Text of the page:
Archive for February 5th, 2019

2018/2019 award season round-up

Posted on February 5th, 2019 in At the cinema, Culture | 1 Comment »

Okay, here are some capsule reviews of a bunch of other movies I’ve seen this awards season.

The Ballad of Buster Scruggs. The Coen Brothers go to Netflix where we find them on rather frustrating form. The opening story of this anthology includes some marvellous effective moments, but judders to a half with one of those Joel-and-Ethan-what-the-hell endings. This malaise affects most of the stories to a greater of lesser degree. The third episode, Meal Ticket, works best as a traditional Roald Dahl or O Henry short story, but suffers from significant pacing problems. The largely plotless final segment might just be the best as it’s the one with the clearest idea of what it is supposed to be. It is nominated for its screenplay, costume design and original song.

Can You Ever Forgive Me? Lee Israel’s story is fascinating as her own best-selling memoir proved. This project began life as a Nicole Holofcener film with Julianne Moore in the lead. Although still credited for the screenplay (with Avenue Q’s Jeff Whitty) Holofcener has yielded the director’s chair to Marielle Heller. What Julianne Moore would have done with Lee Israel is impossible to say, but what is certain is that Melissa McCarthy is wonderful in the part, bringing her prodigious comic energy to the role, but nevertheless creating depth and pathos deep in the soul of this spiky, broken woman. Richard E Grant is enormous fun and if nothing very much happens beyond: she’s broke, she’s a forger, she’s sorry (not sorry), then who cares when the film is this well made? Both leads are nominated (Grant in the supporting category) and for its screenplay.

If Beale Street Could Talk. I found Moonlight slightly unfulfilling on first viewing but it nevertheless grew on me and at first glance I could tell that here was a filmmaker using every tool at his disposal. Beale Street is much less formally ambitious, but still darts nimbly around the timeline as it fleshes out the seemingly slight story (from James Baldwin’s novel) of pregnant Tish, boyfriend Fonny and their two families. If their predicament is a prosaic and familiar one, that’s by-and-large the point – that this or something like it is happening to millions of Americans every day. But an amazingly strong cast give it real texture, depth and warmth, and Jenkins’ fluid and confident direction knits it all together powerfully. Using lenses, cuts, sound and music to extraordinary effect, Jenkins is a real talent. He even finds a new way to film a birth scene and manages not to make it seem like showboating. It’s a real crime that this wonderful film is not nominated for Best Picture and utterly confounding that Jenkins was overlooked as Best Director. It is nominated for its screenplay, its score and Regina King has a good shot at picking up Best Supporting Actress.

Spider-man: Into the Spider-Verse. Geniuses of animation (and beyond) Lord and Miller have done it again, with this incredibly ambitious, eye-poppingly rendered and genuinely exciting slab of comic book mayhem. With vocal performances from such as Nicholas Cage, John Mulaney, Lily Tomlin and Chris Pine, this is a real treat and will no doubt walk off with Best Animated Feature (its only nomination).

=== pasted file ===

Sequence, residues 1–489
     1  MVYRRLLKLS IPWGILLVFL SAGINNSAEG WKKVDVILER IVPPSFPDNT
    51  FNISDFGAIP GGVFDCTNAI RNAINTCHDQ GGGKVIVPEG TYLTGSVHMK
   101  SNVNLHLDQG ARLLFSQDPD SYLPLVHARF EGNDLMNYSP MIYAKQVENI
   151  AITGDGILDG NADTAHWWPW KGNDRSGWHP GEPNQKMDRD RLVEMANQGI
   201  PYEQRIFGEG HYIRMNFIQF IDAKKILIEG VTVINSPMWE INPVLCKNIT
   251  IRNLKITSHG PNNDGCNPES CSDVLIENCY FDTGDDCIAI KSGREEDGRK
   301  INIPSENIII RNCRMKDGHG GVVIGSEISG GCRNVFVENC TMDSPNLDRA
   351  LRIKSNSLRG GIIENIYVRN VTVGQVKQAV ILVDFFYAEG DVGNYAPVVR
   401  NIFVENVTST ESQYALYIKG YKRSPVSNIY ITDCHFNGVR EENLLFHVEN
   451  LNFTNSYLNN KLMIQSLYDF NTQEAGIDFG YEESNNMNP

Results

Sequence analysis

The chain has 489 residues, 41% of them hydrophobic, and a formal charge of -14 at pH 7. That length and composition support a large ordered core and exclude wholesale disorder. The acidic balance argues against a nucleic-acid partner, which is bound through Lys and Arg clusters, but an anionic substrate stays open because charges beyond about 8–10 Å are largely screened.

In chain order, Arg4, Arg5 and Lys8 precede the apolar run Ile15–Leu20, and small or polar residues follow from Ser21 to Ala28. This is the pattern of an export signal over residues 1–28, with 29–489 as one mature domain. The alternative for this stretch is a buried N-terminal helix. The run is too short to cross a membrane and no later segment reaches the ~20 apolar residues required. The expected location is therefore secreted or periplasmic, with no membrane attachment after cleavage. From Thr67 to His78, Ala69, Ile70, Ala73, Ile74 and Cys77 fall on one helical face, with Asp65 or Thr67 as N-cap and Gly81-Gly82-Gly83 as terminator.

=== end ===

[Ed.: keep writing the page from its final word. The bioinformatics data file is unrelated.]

Stan & Ollie. Showbiz biopic done right, focusing in on a manageable period of time, with just a few glimpses of happier times. Coogan and Reilly are exemplary, delineating the men and the characters they played and never straying into parody. Equally good – and well served by Jeff Pope’s witty script – are Shirley Henderson and Nina Arianda as Lucille Hardy and Ida Laurel respectively; and Rufus Jones is having the time of his life as Bernard Delfont. Ultimately, this paints an affecting and affectionate portrait of two men who have spent a lifetime as professional buffoons, attempting to end their career with a little dignity. It doesn’t have any ambitions beyond that, but it achieves that goal admirably. No Oscar nominations, though, not even for Best Make-up.

The Wife. This is a conundrum, and a full review would have to include significant spoilers which even this paragraph won’t entirely spare you from. What’s really going on in this literary marriage only becomes truly clear in the last third, which makes some of the early material a bit so-what and prevents us from getting inside the head of our ostensible lead, Glenn Close’s Joan Castleman. In the final act, when the film stops being a detective story and commits to being a family melodrama it works better, and it’s the details in the script (by Jane Anderson, from Meg Wolitzer’s novel) that generally make it work, although there are some clunky lines here and there. Jonathan Pryce, Max Irons, Christian Slater (yes really!) and especially Glenn Close grab the material with both hands and give it tremendous passion and sincerity, but it’s rather an odd, broken-backed experience as a whole. Glenn Closes’ nomination for Best Actress is its only mention.